Don’t look now, but Republicans are having a big fight over capitalism, of all things
This already weird campaign for the Republican presidential nomination has taken a dramatic turn that nobody could have predicted just a few days ago.
It’s as if the contest suddenly has become a sort of Occupy The GOP.
Front-runner Mitt Romney’s rivals are mounting the kind of attacks against him that could be expected from liberal Democrats but not conservative Republicans. In so doing, they’re challenging the central rationale for the Mittster’s candidacy — his business experience.
The focal point of this controversy are the practices of Bain Capital, the assets-management firm Romney co-founded in 1984 (above). Some of the companies Bain acquired on Romney’s watch have shed employees or gone bankrupt while Bain stockholders made big profits.
Critics might call this sort of thing soulless capitalism, or cowboy capitalism, or predatory capitalism.
Those aren’t terms that have actually crossed the lips of GOP presidential hopefuls Newt Gingrich, Rick Perry or Jon Huntsman, but they’re pretty close to what those guys are saying.
Just yesterday, Gingrich said this:
“Is capitalism really about the ability of a handful of rich people to manipulate the lives of thousands of other people and walk off with the money? I do draw a distinction between looting a company, leaving behind broken families and broken neighborhoods and then leaving a factory that should be there.”
Perry, campaigning in South Carolina, accused Romney and Bain of “loot[ing]” a company in that state.
“If you’re a victim of Bain Capital’s downsizing, it’s the ultimate insult for Mitt Romney to come to South Carolina to tell you he feels your pain. Because he caused it,” Perry said.
The Texas governor also mocked a remark Romney made yesterday about once having feared that he might lose a job he held in the private sector.
“I have no doubt that Mitt Romney was worried about pink slips — whether he’d have enough of them to hand out,” said Perry.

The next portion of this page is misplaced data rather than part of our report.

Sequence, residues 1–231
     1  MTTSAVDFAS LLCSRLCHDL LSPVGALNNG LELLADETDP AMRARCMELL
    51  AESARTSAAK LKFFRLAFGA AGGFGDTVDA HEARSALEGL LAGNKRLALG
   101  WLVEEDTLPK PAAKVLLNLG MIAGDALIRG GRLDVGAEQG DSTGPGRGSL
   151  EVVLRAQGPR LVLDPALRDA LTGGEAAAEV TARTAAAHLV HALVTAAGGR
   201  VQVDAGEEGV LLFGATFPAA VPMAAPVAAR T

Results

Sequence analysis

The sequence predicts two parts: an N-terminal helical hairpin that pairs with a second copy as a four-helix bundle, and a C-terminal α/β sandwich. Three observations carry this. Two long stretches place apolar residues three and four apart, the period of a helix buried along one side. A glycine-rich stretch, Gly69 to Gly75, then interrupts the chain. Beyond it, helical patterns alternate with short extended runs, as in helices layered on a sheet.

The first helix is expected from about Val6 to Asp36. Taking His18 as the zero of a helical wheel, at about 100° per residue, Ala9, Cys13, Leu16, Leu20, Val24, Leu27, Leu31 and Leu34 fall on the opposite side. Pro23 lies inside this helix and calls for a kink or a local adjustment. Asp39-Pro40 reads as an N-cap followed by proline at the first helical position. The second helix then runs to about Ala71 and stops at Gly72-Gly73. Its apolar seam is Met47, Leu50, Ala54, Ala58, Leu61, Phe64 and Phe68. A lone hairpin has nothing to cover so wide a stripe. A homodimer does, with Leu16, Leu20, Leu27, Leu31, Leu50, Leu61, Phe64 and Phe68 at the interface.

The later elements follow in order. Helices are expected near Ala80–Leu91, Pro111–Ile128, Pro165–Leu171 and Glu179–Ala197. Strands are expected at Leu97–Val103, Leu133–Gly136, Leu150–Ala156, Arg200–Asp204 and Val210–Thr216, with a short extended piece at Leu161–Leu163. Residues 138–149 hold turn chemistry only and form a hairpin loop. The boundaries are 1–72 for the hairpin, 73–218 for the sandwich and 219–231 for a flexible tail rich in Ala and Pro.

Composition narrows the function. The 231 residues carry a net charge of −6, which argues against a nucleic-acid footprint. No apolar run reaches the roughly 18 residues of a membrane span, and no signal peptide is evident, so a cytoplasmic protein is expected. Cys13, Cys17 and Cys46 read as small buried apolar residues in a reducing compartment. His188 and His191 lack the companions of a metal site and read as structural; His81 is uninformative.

Perry also said this, sounding just like a Democrat:
“Voters are just now meeting the Real Romney — the buyout tycoon who executed takeovers, bankrupted businesses, and sent jobs overseas while killing American jobs.”
Huntsman suggested that the job-creation numbers Romney touts in reference to his experience at Bain have perhaps been “cooked.”
“Governor Romney enjoys firing people,”said Huntsman. “I enjoy creating jobs.”
As a practical political matter, I doubt that these attacks by his fellow Republicans on Romney’s brand of capitalism will cost him the GOP nomination. But they have the potential to change the national conversation and to haunt Romney in the general-election campaign.
UPDATE: Steve Benen offers an argument that parallels mine in part and adds THIS:
Romney has tried to argue that critics of his private-sector layoffs are borderline communists, trying to “put free enterprise on trial.” And yet, when there is no difference whatsoever between the message Dems are pushing and the attacks from Rick Perry, Newt Gingrich, and Jon Huntsman, it suggests the Romney line is a bust.
But more importantly, it also suggests the progressive line is what resonates with voters — even Republican voters. After all, it’s likely Perry, Gingrich, and Huntsman relied on polls and focus groups to identify the most potent message, and they all quickly found that this is the criticism that resonates.
For all the talk about this being a center-right nation, there’s a realization that Americans are uncomfortable with excessive greed and the kind of ruthless, screw-the-workers style of capitalism Romney used to get rich. If this discomfort didn’t exist, we wouldn’t see conservative Republican candidates using the argument to make appeals to conservative Republican voters.
UPDATE II: Benjy Sarlin SAYS the Republican attacks on Bain Capital have stolen a march on a plan the Democrats were holding in abeyance for the time being:
It wasn’t meant to be this way. For months Democrats had planned to wait until Mitt Romney won the GOP nomination and then they would unleash their secret weapon. Well, not-so-secret weapon, really: it’s something that most observers say cost Romney his campaign against Sen. Ted Kennedy in 1994, and has bedeviled him in every campaign since.
The weapon is one short and unfortunately homophonic word: Bain. As in Bain Capital, the corporate management firm Romney helped to found and made his millions out of, raking in almost comically huge sums of money often even as the bought-up companies shrank, shriveled and shuttered.
Mitt Romney’s campaign has long been prepared to face tough attacks on Bain Capital’s history of layoffs. But what’s been a persistent headache has swollen into an aching migraine. And one of the people leading the charge tells TPM that the person most responsible is typically no friend of the Democrats at all; in fact, it’s Newt Gingrich.